At most road races, the numbers on bibs pinned to runners' shirts allow timers to identify runners at the finish line. Often, bibs also contain hidden electronic chips which allow race organizers to provide accurate timing and designate winners.
There were no numbers on the runners' bibs at last Saturday's Get Heeled 5K. No timing chips to designate the winners.
But personalized messages, written by many runners on their bibs, still paid proud tribute -- some in memoriam -- to courageous competitors in a different struggle.
"When you go to registration, they give you bibs without numbers on them, since it's not a timed race," said Michelle Aguiar, who participated with her son Nuno and his friend George Ernest, both 10. "You can do basically whatever you want on them: '...in memory of,' 'in honor of'..."
Run from UNC's Friday Center through the Meadowmont Community, the 5K benefitted the "Get Real and Heel" after-care program for Triangle area breast cancer survivors.
"Get Heeled is a great program, and several people on my list on my bib have gone through the program," Aguiar added.
The event included a 5K run, 1-mile family walk, free food, youth activities, give-a-ways and music.
"It's a family event," race director Mike Cashion said, "so we decided that having chip time would take away from what we were doing. Most racers, if they're serious, are going to time themselves. It's a $10 add-on, and we wanted that money to go to cancer patients."
Cashion helped to coordinate the race alongside fellow members of the grassroots organization called the Pink Pacers. The group partnered with local O2 Fitness clubs, which have facilities in the Falconbridge Center and adjacent to Cole Park Plaza.
The "Get Real and Heel" program serves Triangle-area breast cancer patients by integrating exercise and therapy to increase chances of survivorship and quality of life.
The fundraising goal of $75,000 would theoretically allow 50 women to participate in the program without cost. Though the event raised an impressive $60,000, it was announced by Pink Pacer co-founder Katy Gilliam shortly after the race that O2 Fitness would make up the $15,000 difference between funds raised and the overall goal.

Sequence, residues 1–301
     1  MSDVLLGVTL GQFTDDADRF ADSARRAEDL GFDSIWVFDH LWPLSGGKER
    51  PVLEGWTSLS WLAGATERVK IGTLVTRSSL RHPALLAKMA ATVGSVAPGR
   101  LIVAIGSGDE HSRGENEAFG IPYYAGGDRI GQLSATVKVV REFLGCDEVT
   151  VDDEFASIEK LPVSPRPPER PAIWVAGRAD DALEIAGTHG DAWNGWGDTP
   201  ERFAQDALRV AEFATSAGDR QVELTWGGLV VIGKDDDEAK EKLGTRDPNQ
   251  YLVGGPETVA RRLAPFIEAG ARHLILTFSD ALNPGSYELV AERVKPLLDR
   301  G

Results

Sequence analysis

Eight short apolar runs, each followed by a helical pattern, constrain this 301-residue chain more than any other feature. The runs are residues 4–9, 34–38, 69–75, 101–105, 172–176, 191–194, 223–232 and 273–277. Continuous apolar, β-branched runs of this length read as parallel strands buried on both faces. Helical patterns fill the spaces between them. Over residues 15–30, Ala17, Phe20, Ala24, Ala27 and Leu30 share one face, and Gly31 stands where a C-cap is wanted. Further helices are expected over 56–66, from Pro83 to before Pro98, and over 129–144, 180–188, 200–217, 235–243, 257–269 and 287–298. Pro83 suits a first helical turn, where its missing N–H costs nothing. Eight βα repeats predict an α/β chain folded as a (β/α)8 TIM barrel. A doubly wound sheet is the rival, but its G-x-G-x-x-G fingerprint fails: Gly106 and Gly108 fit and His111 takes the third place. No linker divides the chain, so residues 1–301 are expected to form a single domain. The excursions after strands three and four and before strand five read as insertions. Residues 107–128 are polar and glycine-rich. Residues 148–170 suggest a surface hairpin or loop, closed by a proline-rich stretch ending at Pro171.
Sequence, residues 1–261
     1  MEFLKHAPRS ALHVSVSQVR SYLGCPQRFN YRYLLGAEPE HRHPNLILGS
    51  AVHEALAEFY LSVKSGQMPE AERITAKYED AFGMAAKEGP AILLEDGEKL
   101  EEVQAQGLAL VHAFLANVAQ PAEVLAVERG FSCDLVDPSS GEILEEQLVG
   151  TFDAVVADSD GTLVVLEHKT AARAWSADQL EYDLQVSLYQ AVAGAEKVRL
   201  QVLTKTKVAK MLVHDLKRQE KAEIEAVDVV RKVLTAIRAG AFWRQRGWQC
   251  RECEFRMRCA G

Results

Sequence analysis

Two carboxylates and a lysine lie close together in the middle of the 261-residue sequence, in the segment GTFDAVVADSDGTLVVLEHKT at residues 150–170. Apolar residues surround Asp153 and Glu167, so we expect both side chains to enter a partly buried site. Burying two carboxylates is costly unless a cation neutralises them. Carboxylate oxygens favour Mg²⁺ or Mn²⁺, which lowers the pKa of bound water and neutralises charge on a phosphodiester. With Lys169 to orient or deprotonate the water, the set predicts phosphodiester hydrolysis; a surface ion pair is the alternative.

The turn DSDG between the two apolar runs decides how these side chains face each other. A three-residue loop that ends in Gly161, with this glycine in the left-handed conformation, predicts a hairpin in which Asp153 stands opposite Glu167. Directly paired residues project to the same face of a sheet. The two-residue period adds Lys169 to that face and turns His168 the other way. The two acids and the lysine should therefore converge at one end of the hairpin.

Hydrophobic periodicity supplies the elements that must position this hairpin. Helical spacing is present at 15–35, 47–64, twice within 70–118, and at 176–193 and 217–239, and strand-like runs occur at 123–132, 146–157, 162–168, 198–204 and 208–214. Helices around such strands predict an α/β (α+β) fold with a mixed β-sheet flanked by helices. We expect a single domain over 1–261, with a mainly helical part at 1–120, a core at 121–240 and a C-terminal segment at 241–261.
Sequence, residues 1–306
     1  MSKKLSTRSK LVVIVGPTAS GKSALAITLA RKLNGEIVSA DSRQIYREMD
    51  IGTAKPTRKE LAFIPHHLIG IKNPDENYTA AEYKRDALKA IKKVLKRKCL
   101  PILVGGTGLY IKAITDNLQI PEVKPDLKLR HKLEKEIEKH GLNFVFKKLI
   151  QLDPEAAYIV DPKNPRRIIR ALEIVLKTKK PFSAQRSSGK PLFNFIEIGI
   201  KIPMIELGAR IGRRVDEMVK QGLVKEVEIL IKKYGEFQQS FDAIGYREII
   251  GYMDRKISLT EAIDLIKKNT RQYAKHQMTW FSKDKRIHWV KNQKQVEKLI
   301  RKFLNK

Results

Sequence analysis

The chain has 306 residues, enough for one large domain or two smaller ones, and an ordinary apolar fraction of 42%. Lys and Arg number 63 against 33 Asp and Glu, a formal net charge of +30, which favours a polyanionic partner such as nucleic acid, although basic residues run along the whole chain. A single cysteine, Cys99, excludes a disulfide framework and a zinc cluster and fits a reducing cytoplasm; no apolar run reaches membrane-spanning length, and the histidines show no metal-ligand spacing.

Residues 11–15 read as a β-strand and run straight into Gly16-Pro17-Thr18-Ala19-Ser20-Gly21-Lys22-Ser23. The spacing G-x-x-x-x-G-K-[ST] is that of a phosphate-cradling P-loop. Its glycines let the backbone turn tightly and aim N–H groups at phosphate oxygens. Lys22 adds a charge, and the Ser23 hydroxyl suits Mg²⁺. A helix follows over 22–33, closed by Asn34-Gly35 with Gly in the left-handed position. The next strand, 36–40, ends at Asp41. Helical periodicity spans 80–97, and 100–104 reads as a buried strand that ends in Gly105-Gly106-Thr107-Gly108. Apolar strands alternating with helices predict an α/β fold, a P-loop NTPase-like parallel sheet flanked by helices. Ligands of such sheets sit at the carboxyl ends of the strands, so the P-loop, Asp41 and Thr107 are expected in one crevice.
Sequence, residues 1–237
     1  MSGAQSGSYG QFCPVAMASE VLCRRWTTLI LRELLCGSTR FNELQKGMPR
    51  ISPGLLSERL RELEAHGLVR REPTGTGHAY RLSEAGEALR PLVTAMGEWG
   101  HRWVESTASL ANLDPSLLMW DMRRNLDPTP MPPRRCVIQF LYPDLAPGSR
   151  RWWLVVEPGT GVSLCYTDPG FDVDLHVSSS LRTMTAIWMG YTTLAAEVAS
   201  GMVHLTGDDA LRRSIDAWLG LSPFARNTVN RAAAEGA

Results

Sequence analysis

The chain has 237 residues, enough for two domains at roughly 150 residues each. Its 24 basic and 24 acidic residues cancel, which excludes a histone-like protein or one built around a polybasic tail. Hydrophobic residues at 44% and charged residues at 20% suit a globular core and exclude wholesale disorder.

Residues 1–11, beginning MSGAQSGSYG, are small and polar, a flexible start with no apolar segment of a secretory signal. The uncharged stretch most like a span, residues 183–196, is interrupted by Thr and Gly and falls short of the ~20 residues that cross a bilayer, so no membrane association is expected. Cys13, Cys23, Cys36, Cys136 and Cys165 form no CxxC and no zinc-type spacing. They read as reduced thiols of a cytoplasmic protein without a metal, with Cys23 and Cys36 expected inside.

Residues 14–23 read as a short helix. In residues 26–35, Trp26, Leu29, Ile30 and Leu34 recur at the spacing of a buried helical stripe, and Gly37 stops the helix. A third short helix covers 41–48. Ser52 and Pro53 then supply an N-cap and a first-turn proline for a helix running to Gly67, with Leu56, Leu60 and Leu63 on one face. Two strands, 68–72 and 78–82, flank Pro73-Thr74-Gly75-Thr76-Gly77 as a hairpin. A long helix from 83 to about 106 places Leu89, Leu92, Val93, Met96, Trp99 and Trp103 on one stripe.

The Pink Pacers Team was created in 2006 when Gilliam and six-year cancer survivor Anne Neeley walked nearly 40 miles together in the Avon Walk for Breast Cancer, raising $6,000 along the way.
"It's a community group of Chapel Hill-based women and men ...who run marathons, do tabling, pass out water: anything to just raise awareness for breast cancer," Pink Pacer Shanna Kane explained. "They're really well connected with UNC Lineberger, Get Real and Heel, and now with O2."
It was speculated that the Saturday's turnout of 750 entrants and their friends reflected the largest on record for a local 5K race, thanks in large part to the support of sponsors, such as O2, Fleet Feet Carrboro and the Carolina Ballet.
"We were involved last year when they did a version of this on campus," Fleet Feet Carrboro co-owner Brian White said, adding that the event took on a life of its own with the addition of O2 Fitness.
"It's been awesome to see how Katy Gilliam and her team have taken this to a whole new level," White said.
Cashion also had high praised for the law enforcement presence at the event and throughout the planning process, which involved temporarily closing N.C. Hwy. 54.
"The idea was that we could use the Friday Center lot as a nice contained area for all the kids and families," Cashion explained. "This is actually the first time they've literally shut 54 down. The town and UNC police (were) phenomenal to work with."
Organizers also agreed that almost ideal race conditions may have played a role in luring more runners to the starting line, though temperatures were challenging for organizers during early morning hours.
"It (was) freezing, and none of us were used to it yet," Kane said, laughing. "Katy (Gilliam) got out here early this morning and couldn't type on her cell phone because her hands were numb."
Conditions were particularly ideal for first-place finisher Ted LaMay, who crossed the line in 19:42.
"It was a good course," he said. "There were a lot of turns, but people were at every one to tell you which way to go. It was a perfect day though, and it was fun."
Even where hills may have tried runners, supporters along the route offered cheer and inspiration.
"We ran-walked the race last year, and I volunteer with the Pink Pacers," said Michelle Young, who brought along her daughter Abby Young, 10, and her friend Leah Schaad, 9.
"We're providing emotional support this year," Young said. "I've had a lot of family who've had breast cancer, so I do this for the future. It's close to my heart, and it's for future prevention."
While there were no awards bestowed to runners Saturday from the stage, the notes and tributes on bibs, the smiles on faces and the spring in everyone's step, proclaimed loudly that breast cancer was the loser, and with that, everyone came up a winner.